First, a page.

JOHANNESBURG: South African student protesters and police clashed in renewed violence in Johannesburg on Monday (Oct 10) as attempts to re-open Wits University descended into running battles on campus.
Protesters throwing rocks were dispersed by riot police using tear gas, rubber bullets and stun grenades as pressure ratchets up on campuses across the country over tuition fees.
Unrest has erupted regularly at South African universities in recent months, with Wits and other institutions forced to close temporarily over the last three weeks.
"The students started throwing sizeable rocks that could have maimed or killed people," Wits said in a statement after trying to re-open on Monday.
"Police dispersed the crowd using stun grenades, tear gas and water cannons. Two arrests were made this morning and some minor injuries have been reported."
The violence, which also involved campus security guards, erupted outside Wits' Great Hall auditorium, the scene of several recent clashes.
Student leaders said they had warned authorities that resuming lectures on Monday would result in another bout of clashes.
"We pleaded with the council of the university in the early hours of this morning to close down the academic programme and call off the police," Wits student representative Fasiha Hassan told ENCA news.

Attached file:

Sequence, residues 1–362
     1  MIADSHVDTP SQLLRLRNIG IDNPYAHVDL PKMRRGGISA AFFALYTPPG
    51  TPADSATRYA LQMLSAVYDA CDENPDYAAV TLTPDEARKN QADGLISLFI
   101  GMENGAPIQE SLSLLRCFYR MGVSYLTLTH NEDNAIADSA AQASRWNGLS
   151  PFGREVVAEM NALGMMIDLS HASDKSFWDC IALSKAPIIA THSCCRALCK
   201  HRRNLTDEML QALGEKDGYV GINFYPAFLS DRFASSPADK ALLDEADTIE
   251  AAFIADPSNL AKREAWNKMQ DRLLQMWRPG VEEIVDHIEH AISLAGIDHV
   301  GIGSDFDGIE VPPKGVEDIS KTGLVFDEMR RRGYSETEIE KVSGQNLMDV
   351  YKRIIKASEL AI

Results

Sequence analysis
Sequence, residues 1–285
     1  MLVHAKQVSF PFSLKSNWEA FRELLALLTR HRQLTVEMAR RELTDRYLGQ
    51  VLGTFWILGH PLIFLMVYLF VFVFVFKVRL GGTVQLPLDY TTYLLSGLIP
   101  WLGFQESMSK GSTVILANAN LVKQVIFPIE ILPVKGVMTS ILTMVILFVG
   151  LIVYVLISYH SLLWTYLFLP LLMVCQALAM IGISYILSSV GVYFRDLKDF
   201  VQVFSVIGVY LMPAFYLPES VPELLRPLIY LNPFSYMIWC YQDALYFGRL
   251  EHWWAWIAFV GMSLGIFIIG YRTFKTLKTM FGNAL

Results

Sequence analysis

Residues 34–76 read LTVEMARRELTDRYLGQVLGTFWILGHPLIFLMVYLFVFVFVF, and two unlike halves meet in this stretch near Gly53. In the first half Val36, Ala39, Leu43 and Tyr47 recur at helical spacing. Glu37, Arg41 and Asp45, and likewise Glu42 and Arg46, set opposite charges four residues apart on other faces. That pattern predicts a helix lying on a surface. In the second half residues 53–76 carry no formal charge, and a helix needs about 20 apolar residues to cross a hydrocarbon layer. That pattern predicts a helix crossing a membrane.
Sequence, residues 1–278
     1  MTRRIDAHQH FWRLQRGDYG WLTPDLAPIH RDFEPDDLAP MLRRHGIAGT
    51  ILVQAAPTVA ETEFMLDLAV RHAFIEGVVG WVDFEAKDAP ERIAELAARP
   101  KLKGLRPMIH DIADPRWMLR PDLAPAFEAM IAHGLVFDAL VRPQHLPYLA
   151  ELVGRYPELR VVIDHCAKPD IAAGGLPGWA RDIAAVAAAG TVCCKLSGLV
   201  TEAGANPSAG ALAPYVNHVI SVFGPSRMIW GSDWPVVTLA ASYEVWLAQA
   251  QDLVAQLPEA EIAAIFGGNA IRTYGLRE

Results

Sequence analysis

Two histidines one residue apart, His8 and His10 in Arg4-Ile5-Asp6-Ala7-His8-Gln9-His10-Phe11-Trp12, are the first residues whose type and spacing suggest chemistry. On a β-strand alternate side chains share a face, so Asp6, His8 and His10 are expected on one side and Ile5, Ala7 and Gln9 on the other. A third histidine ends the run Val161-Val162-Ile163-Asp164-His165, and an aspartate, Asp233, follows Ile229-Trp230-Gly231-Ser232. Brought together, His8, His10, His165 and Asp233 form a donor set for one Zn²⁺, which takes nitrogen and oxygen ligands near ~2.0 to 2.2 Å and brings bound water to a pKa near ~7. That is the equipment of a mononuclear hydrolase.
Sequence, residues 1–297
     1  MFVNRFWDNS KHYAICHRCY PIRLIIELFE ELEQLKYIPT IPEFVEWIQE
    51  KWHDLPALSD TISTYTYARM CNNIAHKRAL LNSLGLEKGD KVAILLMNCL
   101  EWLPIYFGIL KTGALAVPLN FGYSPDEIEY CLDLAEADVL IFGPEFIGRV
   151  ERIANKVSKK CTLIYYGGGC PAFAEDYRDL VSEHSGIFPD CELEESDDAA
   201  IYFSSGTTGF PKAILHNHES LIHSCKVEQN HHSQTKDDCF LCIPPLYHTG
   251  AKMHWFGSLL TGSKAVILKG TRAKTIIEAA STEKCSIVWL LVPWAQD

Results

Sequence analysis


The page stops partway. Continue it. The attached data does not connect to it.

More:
"If they had called off police, we wouldn't be in this situation. There was no need for them to open fire."
OTHER UNIVERSITIES HIT
University tuition fees - which are set to be increased - have become a flashpoint for protests in South Africa, which has struggled to provide education, jobs and housing for many poor black people since the end of apartheid in 1994.
The government has vowed to help all students from poorer families over the fees, but the protesters are demanding free education.
"Essentially what they are saying is if there is no free education, there should be no education at all," Wits rector Adam Habib said last week, adding that the whole 2016 academic year could be lost.
University authorities say many students want to return to class and that the protests do not represent the majority of undergraduates.
President Jacob Zuma has said he supports introducing free education, but has condemned protesters who forced universities to shut down or who vandalised campuses.
On Monday, demonstrations were also reported on campuses in Pretoria, Bloemfontein and Pietermaritzburg.
National police chief Khomotso Phahlane told reporters that officers had acted with restraint.
"It is extremely concerning that criminality has taken place at some universities, leaving the police with no choice but to respond with a degree of force in order to stabilise the situation," he said.
"Protesting students have disrupted classes and traffic and pelted police with stones, flooded premises with water from fire hoses and discharged fire extinguishers and overturned vehicles."
Universities in Pretoria, Cape Town and Durban have also been hit by protests and closures.
Last year, students - many of them so-called "born frees" who grew up after apartheid - staged a series of huge demonstrations which forced the government to abandon planned fee hikes for 2016.